We have some lack of clarity, I think as to what consists of a "list" question on the site and why they are undesirable, per recent meta Q (Not) closing question for Spells with Concentration vs Spells with Thunder/Lightning Damage. I think it's worth discussing this in a more general manner.

So, let's start with some context.

Context To Read Before Expressing Your Opinion, And Clearly Treat In Your Answer, If You Want To Be Taken Seriously

"List" questions are often talked about in the same breath as "shopping" questions, so it might also be helpful to review 'the way to ask that right'.

And of course following this network wide guidance, after flirting with trying to do better and allow it here, we've banned shopping/game-rec/tool-rec questions.

Now, this does leave some room for ambiguity. There are unbounded "opinion" lists, where answers will be one or two of a large set of possible answers, often distinguished from each other only by opinion - the classic "shopping" question.

Then there are questions that are best answered with a list of things in a single answer. "Here's the three magic items, two spells, and a whatnot that will make you permanently Large size in D&D 3.5e."

Between these we have some other kinds. There's the "completable list" - like Comprehensive list of WOTC D&D 4.0 products? It's a long list, but won't change any more because 4.0 is over.

Then there's the "can't be complete yet" list - like a list of D&D 5e products, which at this point is "evergreen." On topic, or off topic? It'd certainly require curation over time, but that's not the kind of "list question" Meta.SE bans network wide.

And the "maybe answer with a list, maybe with a resource" questions like Is there a list of wizard spells by level by school? where the best answer is a link to an online spell DB or whatnot.

And then there's the "short list, but no one knows how short when the question's asked really" questions like Sets of spells that have explicit bonuses when used together, or the thunder-and-lightning question and its linked concentration question.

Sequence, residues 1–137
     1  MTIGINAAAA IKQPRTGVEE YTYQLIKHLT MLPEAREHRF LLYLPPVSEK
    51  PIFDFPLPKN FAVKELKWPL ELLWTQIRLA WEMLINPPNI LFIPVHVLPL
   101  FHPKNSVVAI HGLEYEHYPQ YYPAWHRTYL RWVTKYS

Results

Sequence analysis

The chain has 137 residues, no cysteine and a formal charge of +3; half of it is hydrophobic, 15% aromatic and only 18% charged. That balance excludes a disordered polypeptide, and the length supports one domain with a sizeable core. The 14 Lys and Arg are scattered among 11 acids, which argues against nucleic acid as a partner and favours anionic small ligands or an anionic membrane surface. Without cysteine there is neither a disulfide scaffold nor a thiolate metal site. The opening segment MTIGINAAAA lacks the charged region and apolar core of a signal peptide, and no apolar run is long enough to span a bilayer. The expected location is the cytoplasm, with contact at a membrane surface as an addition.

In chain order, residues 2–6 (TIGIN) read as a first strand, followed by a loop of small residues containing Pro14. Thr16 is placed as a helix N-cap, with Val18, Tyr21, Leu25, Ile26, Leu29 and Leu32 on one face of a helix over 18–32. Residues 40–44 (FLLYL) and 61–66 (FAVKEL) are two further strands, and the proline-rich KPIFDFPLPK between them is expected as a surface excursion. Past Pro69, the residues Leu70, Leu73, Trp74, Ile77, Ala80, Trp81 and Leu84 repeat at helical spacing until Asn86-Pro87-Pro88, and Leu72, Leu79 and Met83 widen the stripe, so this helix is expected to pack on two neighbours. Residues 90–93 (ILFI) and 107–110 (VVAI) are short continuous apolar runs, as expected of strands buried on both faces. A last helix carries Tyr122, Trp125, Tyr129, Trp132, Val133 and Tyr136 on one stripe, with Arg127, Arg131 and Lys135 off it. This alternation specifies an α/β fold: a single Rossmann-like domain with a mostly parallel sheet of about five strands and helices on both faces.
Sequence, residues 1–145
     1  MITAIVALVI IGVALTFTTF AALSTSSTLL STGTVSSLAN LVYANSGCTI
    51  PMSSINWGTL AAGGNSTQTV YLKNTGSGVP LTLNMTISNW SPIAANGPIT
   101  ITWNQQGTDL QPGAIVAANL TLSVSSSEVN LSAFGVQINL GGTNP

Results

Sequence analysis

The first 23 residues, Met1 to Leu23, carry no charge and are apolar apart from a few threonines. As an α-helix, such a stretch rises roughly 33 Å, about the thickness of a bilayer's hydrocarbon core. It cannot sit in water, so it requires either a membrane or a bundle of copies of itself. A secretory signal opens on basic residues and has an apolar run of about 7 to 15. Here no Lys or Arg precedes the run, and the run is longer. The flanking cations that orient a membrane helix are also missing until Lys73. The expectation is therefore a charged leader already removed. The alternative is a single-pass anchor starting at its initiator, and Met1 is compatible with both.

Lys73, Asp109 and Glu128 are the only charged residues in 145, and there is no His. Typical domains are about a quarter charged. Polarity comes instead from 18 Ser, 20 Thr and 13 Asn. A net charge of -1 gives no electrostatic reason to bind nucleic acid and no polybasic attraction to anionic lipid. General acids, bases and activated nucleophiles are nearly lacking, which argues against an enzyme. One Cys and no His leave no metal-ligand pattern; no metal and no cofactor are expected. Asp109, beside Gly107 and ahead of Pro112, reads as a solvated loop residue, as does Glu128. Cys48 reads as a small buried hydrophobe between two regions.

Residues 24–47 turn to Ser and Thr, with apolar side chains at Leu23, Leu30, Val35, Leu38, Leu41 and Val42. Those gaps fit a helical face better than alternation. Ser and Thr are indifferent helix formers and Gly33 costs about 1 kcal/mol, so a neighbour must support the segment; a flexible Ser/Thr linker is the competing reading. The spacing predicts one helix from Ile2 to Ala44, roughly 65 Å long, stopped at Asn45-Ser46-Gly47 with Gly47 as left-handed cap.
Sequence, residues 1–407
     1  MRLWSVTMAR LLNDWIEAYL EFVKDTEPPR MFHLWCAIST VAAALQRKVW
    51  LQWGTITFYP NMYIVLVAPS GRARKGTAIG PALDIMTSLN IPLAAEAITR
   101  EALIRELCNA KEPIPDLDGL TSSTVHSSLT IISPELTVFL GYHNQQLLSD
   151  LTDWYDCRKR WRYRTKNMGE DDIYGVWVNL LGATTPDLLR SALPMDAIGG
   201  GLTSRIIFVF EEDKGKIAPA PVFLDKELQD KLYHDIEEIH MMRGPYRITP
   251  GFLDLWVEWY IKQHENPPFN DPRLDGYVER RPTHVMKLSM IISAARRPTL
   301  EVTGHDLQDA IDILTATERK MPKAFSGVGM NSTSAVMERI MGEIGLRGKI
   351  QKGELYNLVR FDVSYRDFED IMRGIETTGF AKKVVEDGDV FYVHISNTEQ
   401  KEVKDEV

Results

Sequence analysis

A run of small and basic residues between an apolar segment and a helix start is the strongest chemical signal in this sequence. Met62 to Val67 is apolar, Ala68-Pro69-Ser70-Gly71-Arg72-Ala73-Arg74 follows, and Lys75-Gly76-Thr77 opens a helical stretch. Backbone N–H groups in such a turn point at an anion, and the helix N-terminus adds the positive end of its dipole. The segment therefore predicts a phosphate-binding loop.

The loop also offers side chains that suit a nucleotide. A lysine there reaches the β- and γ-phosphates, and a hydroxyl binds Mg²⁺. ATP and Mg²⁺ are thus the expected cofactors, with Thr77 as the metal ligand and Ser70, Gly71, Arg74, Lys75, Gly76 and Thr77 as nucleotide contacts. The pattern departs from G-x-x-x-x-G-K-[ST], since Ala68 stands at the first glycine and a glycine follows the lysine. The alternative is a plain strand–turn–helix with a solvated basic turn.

We have discussed some that short lists are OK, possibly if CW-ed - we almost never use CW any more, but even SSD recommended it in this context just a year ago per I want to post some questions that will require (finite, community wiki) list answers. Kosher?

The Question

So what kind of questions in this general category are on or off topic and why, and is the answer "don't ask them" or "ask them in a different way?"

Clearly, "individual answers make a list" is off topic.

Very short lists are totally OK; many questions on the site end up being answered with "these four classes fit that criteria" or whatnot, and that's fine.

Then we have two separate axes I see on these questions - how dynamic they are and how trivial they are.

Long ever-changing lists seem like a PITA. I'm not real sure of the value of us trying to keep these up and whether that really is an effective use of our format or not (probably not).

Triviality is in the eye of the beholder, but many of the list Q's that are just "read books and list X for me that meet a criteria" are on that line IMO.

Is there an orthogonal solution? With game-rec/tool-rec's we've said "well - ask about your problem not your assumed answer." So can you ask "how can I find all the spells that require concentration," and an answer that's either a short list (if short) or a link to a resource (if long/dynamic) be a good Q&A?

I leave it to the community to answer and vote. Please try to make answers not "discussiony" - if they don't evolve into a clear actionable answer with the most upvotes, then it tends to be a waste of time. Answer, adapt your answer to take the aforementioned resources and peoples' comments into account.


2 Answers 2


List questions are as Shog9 describes in the Meta Stack Exchange question you linked, What is the definition of a list question?: they're the types of questions from our Don't Ask which lead to unbounded opinion collection in which every answer is equally correct. These are for example the "tell me your favourite X" or "what do you use for X?" questions, which are discussions or surveys, and there's no opportunity to solve a problem nor provide an "answer" as such. Other formulas of questions can experience this problem, e.g. "what are the ways to do this thing?" may or may not be close-worthy depending on whether the thing is "do magic" (bad) or "enlarge my AD&D 2e Fireball spell" (OK).

You summarised it similarly in your linked Are list/collection questions on topic?: "a list question means a question whose answers are a near-infinite, undifferentiated list." (There's very little other attempt in there to define "a list question".)

Most often these questions will specifically be too broad, which has for its close reason: "There are either too many possible answers, or good answers would be too long for this format." I'll note that "too long for this format" means about 30,000 characters (about a 16-page essay), and it doesn't mean "very long" — we do long answers. Opinion poll stuff is primarily opinion-based.

The following do not make a question a "list question" nor are they close reasons:

Lists of things in a single answer. A question that asks "I'm in this situation and need to achieve this result, how can I do that?" regularly gets a response of "here's your options, best to worst". That's good.